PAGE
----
Receiving Wide Coverage ...

The Flash Unmasked? Are the world's financial markets so vulnerable that they can be brought down by some guy in the suburbs? That unsettling question is bound to reverberate throughout the industry in the wake of news that U.S. authorities are charging a London trader with triggering the May 2010 "flash crash" that temporarily sent stocks plummeting. Authorities say Navinder Singh Sarao frequently manipulated futures contracts prices by submitting and then canceling large orders, setting the stage for the infamous crash. While government officials are not pinning sole responsibility for the crash on Sarao, the papers say his arrest underscores concerns about the apparent fragility of the markets and the dangers of high-speed trading. There are other worrisome angles to the story: "it took the authorities five years to track down a rogue actor making enormous trades," the New York Times points out. "And, they were led to him only with the help of an outside whistle-blower." The Washington Post reminds readers the charges against Sarao suggest U.S. authorities mistakenly accused a different firm of sparking the crash back in September 2010. The Post also talks to an expert who suggests Sarao is "not alone and whatever he did is occurring regularly in one form or another" and that authorities need to address problems with the larger system. The Financial Times and Wall Street Journal play it pretty straight.

Merrill Lynch Misstep: European officials have been known to complain that U.S. regulators are unduly harsh with foreign banks. Now it's an American bank's turn to be in the sightlines of overseas authorities. Britain's Financial Conduct Authority is fining Bank of America Merrill Lynch $19.8 million "for failing to properly report tens of millions of client transactions over a seven-year period" between 2007 and 2014, according to the Times. The FT notes this is the largest penalty the FCA has ever extracted for this particular infraction. It also emphasizes that incorrect reporting has been a recurring problem for Merrill Lynch, which received a warning in 2002 and a separate fine in 2006.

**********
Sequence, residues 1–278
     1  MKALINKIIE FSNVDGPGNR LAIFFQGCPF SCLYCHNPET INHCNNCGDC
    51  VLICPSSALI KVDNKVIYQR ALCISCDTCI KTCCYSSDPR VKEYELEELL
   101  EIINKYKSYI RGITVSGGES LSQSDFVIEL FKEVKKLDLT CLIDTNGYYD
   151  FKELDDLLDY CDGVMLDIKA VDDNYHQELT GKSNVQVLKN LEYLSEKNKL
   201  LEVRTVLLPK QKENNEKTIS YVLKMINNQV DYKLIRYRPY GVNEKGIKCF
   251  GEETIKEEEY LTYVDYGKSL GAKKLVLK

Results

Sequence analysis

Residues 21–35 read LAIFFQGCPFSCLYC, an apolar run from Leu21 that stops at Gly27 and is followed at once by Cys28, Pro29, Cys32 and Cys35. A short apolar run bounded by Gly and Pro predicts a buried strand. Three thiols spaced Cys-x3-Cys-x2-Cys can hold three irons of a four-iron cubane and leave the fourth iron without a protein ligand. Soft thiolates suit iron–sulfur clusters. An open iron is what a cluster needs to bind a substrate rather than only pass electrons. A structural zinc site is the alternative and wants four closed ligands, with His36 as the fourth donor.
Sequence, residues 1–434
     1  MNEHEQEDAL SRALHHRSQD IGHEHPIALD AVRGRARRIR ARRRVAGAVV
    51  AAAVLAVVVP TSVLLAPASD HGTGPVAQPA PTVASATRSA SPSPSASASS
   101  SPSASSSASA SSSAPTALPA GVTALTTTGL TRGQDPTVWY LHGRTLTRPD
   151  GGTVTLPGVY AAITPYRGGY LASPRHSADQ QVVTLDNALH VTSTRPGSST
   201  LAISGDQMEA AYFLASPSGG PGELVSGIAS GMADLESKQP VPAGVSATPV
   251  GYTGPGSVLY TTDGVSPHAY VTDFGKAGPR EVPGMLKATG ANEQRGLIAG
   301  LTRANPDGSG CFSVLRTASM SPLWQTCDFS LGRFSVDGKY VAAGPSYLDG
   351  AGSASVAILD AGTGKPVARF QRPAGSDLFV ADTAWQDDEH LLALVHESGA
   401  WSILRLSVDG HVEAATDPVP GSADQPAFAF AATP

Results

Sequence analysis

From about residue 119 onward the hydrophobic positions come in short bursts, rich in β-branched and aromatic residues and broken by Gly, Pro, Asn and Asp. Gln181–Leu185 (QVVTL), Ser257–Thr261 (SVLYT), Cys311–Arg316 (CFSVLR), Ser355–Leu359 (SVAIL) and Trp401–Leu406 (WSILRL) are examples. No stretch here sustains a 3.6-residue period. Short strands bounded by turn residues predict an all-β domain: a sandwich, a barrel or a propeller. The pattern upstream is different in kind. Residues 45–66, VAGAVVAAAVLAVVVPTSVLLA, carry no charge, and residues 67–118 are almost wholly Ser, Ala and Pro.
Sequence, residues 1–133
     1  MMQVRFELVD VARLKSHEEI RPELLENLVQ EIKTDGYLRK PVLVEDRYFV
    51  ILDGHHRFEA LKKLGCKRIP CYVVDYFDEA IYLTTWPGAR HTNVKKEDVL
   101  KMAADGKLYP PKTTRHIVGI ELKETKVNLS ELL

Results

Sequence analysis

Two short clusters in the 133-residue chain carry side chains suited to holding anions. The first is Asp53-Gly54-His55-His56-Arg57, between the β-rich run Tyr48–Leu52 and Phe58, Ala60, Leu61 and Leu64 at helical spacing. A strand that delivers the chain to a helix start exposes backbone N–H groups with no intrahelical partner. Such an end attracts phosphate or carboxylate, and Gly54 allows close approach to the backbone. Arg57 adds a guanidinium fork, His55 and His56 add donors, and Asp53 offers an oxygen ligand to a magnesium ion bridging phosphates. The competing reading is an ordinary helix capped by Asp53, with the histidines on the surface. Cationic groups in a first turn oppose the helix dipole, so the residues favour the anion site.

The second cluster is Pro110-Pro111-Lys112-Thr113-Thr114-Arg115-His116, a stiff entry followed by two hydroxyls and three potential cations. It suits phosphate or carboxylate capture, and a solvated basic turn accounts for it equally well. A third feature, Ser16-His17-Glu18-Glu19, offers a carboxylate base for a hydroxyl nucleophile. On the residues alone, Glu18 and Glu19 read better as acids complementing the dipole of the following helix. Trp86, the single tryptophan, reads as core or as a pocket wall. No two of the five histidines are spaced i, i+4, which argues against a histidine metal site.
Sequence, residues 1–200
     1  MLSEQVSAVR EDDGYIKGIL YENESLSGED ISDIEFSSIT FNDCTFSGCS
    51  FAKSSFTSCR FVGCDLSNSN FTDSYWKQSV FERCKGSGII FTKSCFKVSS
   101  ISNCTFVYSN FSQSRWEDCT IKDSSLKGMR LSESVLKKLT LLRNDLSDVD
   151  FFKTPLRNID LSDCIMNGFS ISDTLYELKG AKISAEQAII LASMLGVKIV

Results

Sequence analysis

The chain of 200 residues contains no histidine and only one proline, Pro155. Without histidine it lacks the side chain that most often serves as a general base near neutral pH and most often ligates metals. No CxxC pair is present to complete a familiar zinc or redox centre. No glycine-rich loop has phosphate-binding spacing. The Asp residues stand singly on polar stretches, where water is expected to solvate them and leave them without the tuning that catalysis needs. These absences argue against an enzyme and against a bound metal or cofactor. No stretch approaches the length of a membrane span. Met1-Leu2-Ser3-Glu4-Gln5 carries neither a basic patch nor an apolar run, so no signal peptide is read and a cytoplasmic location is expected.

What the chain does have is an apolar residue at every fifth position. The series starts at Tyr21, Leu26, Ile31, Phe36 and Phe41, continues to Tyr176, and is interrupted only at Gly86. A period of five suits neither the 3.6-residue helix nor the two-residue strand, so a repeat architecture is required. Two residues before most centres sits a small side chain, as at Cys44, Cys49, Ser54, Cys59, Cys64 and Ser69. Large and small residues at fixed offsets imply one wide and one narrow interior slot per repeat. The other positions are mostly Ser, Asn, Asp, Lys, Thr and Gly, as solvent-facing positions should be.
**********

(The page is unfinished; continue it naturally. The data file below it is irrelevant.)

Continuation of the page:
Wall Street Journal

The Federal Deposit Insurance Corp. has a new plan to help big banks fail better. The agency wants banks to improve their tracking of customer deposits so it will be more easily able to determine which accounts are insured by the government in the event an institution goes under.

Reality television star Jim Marchese leads an eventful life both on and offscreen. The "Real Housewives of New Jersey" star's side gig as a corporate whistleblower has earned him roughly $10 million in awards, the paper reports. He helped the Justice Department reach its 2014 mortgage-securities settlement with Bank of America and called out his former employer CTI BioPharam Corp. for Medicare fraud. Marchese also appears to have a knack for sound bite-ready quotes even when the cameras aren't rolling: "If I see you kick a puppy, I'm going to say something," he tells the paper. "It's not within me to not say something."

Low interest rates continue to put a drag on regional and community banks' earnings, while Wall Street banks make up for the problem with profitable investment banking and trading activity.

Benjamin Lawsky doesn't run on anybody else's clock. The New York financial watchdog says foreign-exchange settlement negotiations with Barclays and Deutsche Bank may be delayed while his agency reviews their electronic trading practices.

Financial Times

Bank of New York Mellon may be able to keep activist investors at bay a little longer thanks to solid quarterly earnings. That's good news for bank chief Gerald Hassell in particular, since shareholder Marcato Capital Management has been calling for his ouster.

Elsewhere ...

The Atlantic: Don't miss The Atlantic's long read on Liberty Reserve, the so-called "bank of the underworld" and alleged hub of criminal activity that allowed users to anonymously purchase digital currency known as LRs and use it to make transactions with one another. The article describes U.S. authorities' attempts to bust Liberty Reserve, an effort with obvious parallels to the 2013 takedown of online black market Silk Road.

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